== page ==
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Duarte Nunes
Duarte Nunes

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Visual Testing with Chromatic

Have you ever pushed a commit into prod, only to notice later it made your site look straight out of a Hieronymus Bosch panel? If so, we’ve got you covered! This article will explain how introducing visual regression testing with Chromatic into your workflow will help you avoid unintended UI changes.

What is visual testing?

When developing a user interface, there are two important targets for testing: the behavior of the graphical elements, and how they are presented and arranged. The former is usually achieved by unit and E2E tests, while for the latter it’s common to leverage snapshot tests. Snapshot tests work by comparing the output of a test against a version-controlled golden file, failing on a mismatch. Intentional changes include an update to that golden file.

Tools like Jest make it easy to create non-visual snapshots based on the markup of an interface. These tests are useful to alert PR authors that they may be introducing unintended changes, but it makes it hard on reviewers to validate and approve the intended ones: it’s not an easy task to mentally conjure up the exact visual changes from looking at HTML alone. Developers reviewing a changeset need to spin up two versions of the UI and manually track down the changes. If the UI under test can have many states and variations, this can easily turn into a long and laborious task: maybe it was the layout of an error message that changed, or the position of a spinner rendered when the component is loading data. In the context of web development, having a published, trunk-based Storybook is key to this workflow.

To make matters worse, markup snapshots don’t capture externally-defined styles, as is the case with HTML and CSS. This is where visual regression tools like Chromatic really shine, extending the UI snapshots to their complete, rendered state, and layering a review process on top. Figure 1 contains an example of the Chromatic review screen for a visual test.

Chromatic review screen

Fig. 1 - Chromatic review screen for a snapshot

On the left we have the snapshot from a previous build and on the right the snapshot with the changes we’re introducing, highlighted in green. Reviewers can comment on each snapshot, accepting or rejecting the changes. Pretty great, right?

In the following sections we’ll cover how to create these snapshots and integrate Chromatic into a CI pipeline.

Writing snapshots

Chromatic integrates with Storybook, capturing a screenshot of each story on a configurable set of browsers (Chrome by default), for a given set of viewports.

At Umani, we like our Storybook stories to be interactive and expose a bunch of controls. Figure 2 contains an interactive story for an Avatar component.

Interactive story

Fig. 2 - An interactive story with multiple controls

This story is written as:

export default {
    title: "Avatar",
    parameters: {
        chromatic: {
            viewports: [360, breakpoints.desktop],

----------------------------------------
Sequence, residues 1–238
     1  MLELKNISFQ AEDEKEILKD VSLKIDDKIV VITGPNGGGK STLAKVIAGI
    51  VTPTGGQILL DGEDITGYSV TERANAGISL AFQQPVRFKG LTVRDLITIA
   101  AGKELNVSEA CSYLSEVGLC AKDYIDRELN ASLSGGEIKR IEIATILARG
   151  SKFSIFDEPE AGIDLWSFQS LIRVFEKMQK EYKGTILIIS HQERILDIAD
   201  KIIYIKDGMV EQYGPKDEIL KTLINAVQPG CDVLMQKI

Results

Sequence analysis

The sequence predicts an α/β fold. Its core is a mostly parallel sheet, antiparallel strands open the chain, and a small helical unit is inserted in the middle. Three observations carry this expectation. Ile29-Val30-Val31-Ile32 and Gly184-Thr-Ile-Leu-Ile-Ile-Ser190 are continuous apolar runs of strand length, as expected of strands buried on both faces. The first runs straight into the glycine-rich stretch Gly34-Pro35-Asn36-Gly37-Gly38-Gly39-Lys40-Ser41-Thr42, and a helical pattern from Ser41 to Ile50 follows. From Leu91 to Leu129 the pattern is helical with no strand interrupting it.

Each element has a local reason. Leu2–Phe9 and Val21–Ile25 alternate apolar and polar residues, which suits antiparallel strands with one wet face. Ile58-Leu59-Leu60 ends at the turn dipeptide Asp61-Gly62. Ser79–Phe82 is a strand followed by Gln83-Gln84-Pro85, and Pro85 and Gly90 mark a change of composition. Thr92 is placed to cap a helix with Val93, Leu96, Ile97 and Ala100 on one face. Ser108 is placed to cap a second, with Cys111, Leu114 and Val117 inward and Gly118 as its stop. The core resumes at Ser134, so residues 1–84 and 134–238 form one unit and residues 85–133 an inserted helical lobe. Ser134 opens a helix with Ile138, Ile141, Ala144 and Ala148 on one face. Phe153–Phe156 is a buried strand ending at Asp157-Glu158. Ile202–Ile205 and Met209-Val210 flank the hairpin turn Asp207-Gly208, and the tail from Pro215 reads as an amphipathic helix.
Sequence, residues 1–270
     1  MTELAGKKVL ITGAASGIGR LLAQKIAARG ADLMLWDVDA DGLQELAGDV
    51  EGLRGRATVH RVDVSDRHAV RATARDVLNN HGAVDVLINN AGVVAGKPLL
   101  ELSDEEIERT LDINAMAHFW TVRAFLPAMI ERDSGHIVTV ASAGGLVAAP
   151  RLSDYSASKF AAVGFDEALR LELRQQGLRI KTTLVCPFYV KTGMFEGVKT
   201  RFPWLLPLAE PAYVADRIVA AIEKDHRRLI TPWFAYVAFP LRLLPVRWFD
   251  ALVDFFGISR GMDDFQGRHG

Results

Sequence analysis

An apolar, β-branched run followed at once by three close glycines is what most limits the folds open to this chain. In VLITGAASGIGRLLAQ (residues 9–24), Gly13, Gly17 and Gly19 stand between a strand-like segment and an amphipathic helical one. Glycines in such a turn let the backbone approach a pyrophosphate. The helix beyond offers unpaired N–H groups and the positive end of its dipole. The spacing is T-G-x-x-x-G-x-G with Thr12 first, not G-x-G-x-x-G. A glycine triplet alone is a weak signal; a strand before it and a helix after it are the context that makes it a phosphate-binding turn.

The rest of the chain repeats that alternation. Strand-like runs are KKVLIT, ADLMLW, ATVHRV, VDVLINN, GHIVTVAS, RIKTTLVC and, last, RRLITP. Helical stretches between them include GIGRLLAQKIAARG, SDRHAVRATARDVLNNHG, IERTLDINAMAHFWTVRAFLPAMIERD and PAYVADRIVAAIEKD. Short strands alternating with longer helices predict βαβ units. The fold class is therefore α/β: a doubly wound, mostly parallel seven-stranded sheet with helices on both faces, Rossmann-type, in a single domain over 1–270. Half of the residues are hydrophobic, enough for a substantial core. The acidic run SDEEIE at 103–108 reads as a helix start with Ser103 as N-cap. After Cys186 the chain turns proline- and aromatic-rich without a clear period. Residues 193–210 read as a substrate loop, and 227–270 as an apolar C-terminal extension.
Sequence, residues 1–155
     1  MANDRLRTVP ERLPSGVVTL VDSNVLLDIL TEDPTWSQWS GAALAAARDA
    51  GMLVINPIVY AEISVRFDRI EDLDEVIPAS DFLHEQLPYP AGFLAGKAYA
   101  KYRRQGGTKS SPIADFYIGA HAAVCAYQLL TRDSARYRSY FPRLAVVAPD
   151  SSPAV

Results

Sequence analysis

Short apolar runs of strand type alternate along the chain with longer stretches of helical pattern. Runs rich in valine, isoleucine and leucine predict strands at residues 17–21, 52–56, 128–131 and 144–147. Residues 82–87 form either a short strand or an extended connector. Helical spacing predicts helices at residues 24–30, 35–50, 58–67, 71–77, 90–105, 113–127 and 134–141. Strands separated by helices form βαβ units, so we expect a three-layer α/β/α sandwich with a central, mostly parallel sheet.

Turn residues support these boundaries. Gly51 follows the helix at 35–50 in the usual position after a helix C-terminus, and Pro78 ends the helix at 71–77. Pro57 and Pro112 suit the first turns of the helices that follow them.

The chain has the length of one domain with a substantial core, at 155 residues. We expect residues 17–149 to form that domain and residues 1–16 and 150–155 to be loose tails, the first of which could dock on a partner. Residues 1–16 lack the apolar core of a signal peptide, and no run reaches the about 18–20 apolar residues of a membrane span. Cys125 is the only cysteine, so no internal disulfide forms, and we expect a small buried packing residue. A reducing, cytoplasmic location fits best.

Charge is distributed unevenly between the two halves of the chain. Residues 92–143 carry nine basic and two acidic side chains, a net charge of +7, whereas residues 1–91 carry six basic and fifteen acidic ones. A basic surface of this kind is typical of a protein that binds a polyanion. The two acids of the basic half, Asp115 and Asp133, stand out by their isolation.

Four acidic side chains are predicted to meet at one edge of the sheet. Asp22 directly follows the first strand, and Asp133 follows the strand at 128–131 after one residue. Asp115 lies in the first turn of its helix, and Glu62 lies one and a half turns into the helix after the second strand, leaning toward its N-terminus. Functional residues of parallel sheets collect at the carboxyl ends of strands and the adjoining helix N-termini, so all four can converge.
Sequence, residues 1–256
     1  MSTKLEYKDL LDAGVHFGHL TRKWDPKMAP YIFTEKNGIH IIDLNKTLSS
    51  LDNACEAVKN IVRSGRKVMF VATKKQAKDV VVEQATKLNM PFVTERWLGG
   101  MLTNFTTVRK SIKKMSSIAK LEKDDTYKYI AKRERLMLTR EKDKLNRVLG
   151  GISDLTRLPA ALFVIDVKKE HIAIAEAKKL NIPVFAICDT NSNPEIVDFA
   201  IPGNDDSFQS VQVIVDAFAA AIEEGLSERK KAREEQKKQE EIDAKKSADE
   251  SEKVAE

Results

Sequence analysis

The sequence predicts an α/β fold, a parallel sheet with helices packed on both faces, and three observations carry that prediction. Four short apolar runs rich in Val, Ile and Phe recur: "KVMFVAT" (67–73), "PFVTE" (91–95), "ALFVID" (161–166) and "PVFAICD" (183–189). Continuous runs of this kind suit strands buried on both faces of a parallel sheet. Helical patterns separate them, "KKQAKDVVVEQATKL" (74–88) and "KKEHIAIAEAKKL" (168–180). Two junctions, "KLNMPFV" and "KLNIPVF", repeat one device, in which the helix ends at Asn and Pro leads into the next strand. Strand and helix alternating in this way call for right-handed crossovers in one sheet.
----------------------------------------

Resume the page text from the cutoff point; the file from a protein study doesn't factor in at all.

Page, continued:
},
    },
}

interface AvatarStoryProps extends AvatarProps {
    readonly showContent?: boolean
}

const Template: Story<AvatarStoryProps> = ({ showContent = false, size, ...args }) => {
    return (
        <Avatar size={size} {...args}>
            {showContent ? (
                <Stack space="xs">
                    <Text size="md">Art Vandelay</Text>
                    <Text size="sm" variation="subtle">
                        View profile
                    </Text>
                </Stack>
            ) : null}
        </Avatar>
    )
}

export const Basic = Template.bind({})

Basic.args = {
    showContent: false,
    size: "md",
}

Basic.argTypes = {
    showContent: {
        name: "Show Content",
        description: "Content is shown to the right.",
    },
    size: {
        name: "Size",
        description: "Avatar size.",
    },
}

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These stories don’t make up a very good snapshot, which is why we disable Chromatic in their parameters:

Basic.parameters = {
    chromatic: {
        disabled: true,
    },
}
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The stories we are interested in capturing with Chromatic visual tests are fine-grained and uninteractive. We’ll usually include (a sensible version of) the cartesian product of all variations of a given component within a snapshot. For example, the snapshot story for our Avatar component is defined as:

export const Snapshot: Story = () => {
    const stories: Story[] = []
    for (const showContent of [true, false]) {
        for (const size of ["sm", "md"] as const) {
            const props = { showContent, size }
            const story: Story = () => <Template {...props} fallback="" />
            story.storyName = `Avatar with photo, with${!showContent ? `out` : ``} content and size ${size}`
            stories.push(story)
        }
    }
    return <StoryGroup stories={stories} />
}
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Figure 3 contains the rendered snapshot story.

Snapshot story

Fig. 3 - A rendered snapshot story containing multiple variations

The reason we bundle different variations into the same story is so we don’t blow up our snapshot budget. Similarly, we’ll strive to minimize duplicate snapshots: if the variations of a component like Avatar have already been tested in isolation, we may not need to include them when using that component in a composite story. Minimizing stories is helpful to remain within limits and also curb the time it takes to review changes.

Notice that we configure Chromatic to produce two snapshots at two different viewports with

chromatic: {
    viewports: [360, breakpoints.desktop],
}
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This is useful for responsive components and pages.

Snapshotting CSS states like hover and focus often require using Storybook play functions or the ability to trigger those states from component props.

Setting up Chromatic with Github Actions